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Facebook staff’s private emails published by fake news inquiry

The cache of seized Facebook documents show how Facebook whitelists certain companies so they can keep lapping up user data.

Want to know what Mark Zuckerberg and his underlings really think about us users?
Get ready to read ’em and weep: against the wishes of the Facebook CEO, the UK parliament’s inquiry into fake news has published confidential correspondence between Zuck and his staff.
That correspondence has some revealing stuff in it. But first, how did the Parliament’s Digital, Culture, Media, and Sport (DCMS) committee – which has been overseeing inquiries into Facebook’s privacy practices – get their hands on it?
Well, it has to do with bathing suit photos. A now-defunct app called Six4Three that searched for Facebook users’ bathing suit photos is embroiled in a years-long lawsuit against Facebook.
Six4Three alleges that Facebook suddenly changed the terms of how it allowed developers to access Facebook’s Graph API generally, and its Friends’ Photos Endpoint, specifically. Six4Three made an app known as “Pikinis” that specifically sought out bikini photos across Facebook users’ friends pages. In April 2015, Six4Three sued Facebook, claiming that Facebook’s sudden yanking of access rendered both the app and the company itself “worthless.”
According to a court filing from last week, Six4Three managing director Ted Kramer met with MP Damian Collins in his London office on 20 November. Collins told Kramer that he was under active investigation, that he was in contempt of parliament, and that he could potentially face fines and imprisonment.
Kramer is then said to have “panicked” and whipped out a USB drive before frantically searching his Dropbox account for relevant files obtained under civil discovery. He looked for any files whose names suggested they might be relevant, dragged them onto the USB drive without even opening them, and handed over the USB stick – in spite of Facebook having labelled the documents highly confidential, and “against the explicit statements by counsel in the above referenced communications,” according to last week’s filing.
That’s it in a nutshell. Check out write-ups from Ars Technica and from The Observer, which broke the news, for more details about the case and the incident: it’s a hell of a sticky legal wicket when it comes to limits of British authorities’ legal reach with international companies such as Facebook.
As it is, Facebook has steadfastly refused to appear before MPs to explain the company’s moves with regards to fake news. MP Collins, head of the committee, says that the Six4Three case in the US suggested another option of getting the information the committee sought. The Observer quoted him:

We have followed this court case in America and we believed these documents contained answers to some of the questions we have been seeking about the use of data, especially by external developers.

When it comes to the Cambridge Analytica user data fiasco, Six4Three alleges that the correspondence shows that Facebook was not only aware of the implications of its privacy policy, but actively exploited them. Collins and his committee were particularly interested in the app company’s assertions that Facebook intentionally created and effectively flagged up the loophole that Cambridge Analytica used to collect user data.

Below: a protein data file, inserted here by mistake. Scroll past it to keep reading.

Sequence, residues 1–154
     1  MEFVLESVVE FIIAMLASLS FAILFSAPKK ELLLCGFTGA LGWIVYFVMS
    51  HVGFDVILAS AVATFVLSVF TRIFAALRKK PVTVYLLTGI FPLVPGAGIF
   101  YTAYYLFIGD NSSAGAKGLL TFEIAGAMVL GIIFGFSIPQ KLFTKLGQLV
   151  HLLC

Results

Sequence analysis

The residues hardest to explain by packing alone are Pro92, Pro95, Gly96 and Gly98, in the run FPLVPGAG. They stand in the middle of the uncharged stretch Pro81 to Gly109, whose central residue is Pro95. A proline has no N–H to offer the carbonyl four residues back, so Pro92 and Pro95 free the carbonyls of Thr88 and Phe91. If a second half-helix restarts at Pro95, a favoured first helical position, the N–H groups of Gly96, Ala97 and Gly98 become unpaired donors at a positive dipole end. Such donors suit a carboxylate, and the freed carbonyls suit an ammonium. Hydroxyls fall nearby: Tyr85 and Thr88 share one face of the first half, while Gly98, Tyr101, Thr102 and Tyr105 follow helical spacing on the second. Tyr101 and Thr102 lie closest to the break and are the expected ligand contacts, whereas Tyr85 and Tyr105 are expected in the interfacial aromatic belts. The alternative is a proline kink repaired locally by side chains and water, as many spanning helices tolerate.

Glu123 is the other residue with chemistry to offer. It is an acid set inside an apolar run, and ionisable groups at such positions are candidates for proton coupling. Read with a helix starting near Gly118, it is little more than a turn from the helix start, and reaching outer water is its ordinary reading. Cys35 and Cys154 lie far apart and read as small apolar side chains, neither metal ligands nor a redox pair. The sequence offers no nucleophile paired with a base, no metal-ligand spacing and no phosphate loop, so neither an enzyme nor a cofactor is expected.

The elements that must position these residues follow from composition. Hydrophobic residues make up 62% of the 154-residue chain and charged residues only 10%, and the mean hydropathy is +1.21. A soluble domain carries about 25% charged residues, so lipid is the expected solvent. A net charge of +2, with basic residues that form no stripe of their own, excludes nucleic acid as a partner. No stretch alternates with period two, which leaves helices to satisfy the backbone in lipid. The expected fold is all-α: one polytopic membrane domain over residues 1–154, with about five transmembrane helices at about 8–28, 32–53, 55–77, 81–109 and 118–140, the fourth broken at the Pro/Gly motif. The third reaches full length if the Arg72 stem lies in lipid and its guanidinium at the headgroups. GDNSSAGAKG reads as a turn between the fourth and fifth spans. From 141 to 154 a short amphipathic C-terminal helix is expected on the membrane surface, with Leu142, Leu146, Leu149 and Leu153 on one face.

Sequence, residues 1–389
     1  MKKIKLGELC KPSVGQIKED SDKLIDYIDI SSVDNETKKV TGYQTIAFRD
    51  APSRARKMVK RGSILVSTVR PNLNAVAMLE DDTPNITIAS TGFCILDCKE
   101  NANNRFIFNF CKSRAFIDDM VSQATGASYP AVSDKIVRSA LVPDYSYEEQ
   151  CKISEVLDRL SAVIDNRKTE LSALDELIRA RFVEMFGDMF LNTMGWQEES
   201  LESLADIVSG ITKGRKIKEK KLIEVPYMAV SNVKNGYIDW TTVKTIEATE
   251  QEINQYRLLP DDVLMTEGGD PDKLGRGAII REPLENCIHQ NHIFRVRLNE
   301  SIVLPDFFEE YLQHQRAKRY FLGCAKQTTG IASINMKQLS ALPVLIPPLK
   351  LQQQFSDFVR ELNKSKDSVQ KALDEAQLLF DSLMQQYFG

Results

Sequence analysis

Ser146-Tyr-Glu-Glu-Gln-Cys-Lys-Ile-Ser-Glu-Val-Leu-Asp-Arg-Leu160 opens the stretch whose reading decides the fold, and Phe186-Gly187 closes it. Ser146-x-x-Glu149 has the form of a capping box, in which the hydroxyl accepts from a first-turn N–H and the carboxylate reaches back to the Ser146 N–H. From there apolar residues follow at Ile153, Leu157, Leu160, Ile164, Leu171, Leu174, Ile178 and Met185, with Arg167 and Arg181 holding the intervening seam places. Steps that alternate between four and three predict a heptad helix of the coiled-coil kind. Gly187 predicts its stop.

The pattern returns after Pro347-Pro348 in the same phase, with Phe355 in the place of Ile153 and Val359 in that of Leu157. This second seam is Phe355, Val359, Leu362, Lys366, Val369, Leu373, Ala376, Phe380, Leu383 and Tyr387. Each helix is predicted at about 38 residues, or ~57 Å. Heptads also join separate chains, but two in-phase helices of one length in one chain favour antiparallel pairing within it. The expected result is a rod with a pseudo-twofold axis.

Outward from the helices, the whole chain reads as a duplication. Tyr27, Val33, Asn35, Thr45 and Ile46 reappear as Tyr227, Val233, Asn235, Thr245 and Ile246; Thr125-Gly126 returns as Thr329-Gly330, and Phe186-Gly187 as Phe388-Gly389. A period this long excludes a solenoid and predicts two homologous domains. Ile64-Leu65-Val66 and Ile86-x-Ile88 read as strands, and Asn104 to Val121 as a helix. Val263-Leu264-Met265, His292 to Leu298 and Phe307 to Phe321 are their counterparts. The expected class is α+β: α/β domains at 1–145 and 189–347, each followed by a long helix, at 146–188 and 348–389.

On Wednesday, the parliamentary committee published about 250 pages of the correspondence, some of which are marked “highly confidential”.
These are the key issues found in the correspondence that MP Collins highlighted in his introductory note:

  • In 2014/2015, Facebook limited the data on users’ friends that developers could see. Regardless, it kept a whitelist of certain companies that it allowed to maintain full access to friend data. Collins said that it’s “Not clear that there was any user consent for this, nor how Facebook decided which companies should be whitelisted.”
  • Collins says that Facebook knew that changing its policies on the Android mobile phone system to enable the Facebook app to collect a record of users’ calls and texts would be controversial …so the plan was to bury it deep. “To mitigate any bad PR, Facebook planned to make it as hard as possible for users to know that this was one of the underlying features of the upgrade of their app,” Collins said.
  • You might recall that up until recently Facebook had been pushing people to download a virtual private network (VPN) app, Onavo, that it acquired in 2013 for “protection” …without mentioning that it was phoning home to Facebook to deliver users’ app usage habits, even when the VPN was turned off. In August, Apple suggested that Facebook remove Onavo from the App Store due to privacy violations. Collins wrote that, apparently without users’ knowledge, Facebook had been using Onavo to conduct global surveys of what mobile apps its customers were using. Then, it used that data to figure out not just how many people had downloaded apps, but how often they used them: useful knowledge when it came to deciding “which companies to acquire, and which to treat as a threat,” Collins wrote.
  • The files contain evidence that when Facebook took aggressive positions against apps and turned off their access to data, it sometimes led to businesses failing.
  • Twelve of the Six4Three documents include discussions on businesses that got whitelisted when it came to access to users’ friend data. The whitelisted firms include the dating service Badoo, its spin-off Hot or Not, and the dating app Bumble, which Badoo had invested in; Lyft; Netflix; and Airbnb. Facebook didn’t whitelist just any old company, though: it denied the friends data firehose API to companies including Ticketmaster, Vine, and Airbiquity, a connected-cars company.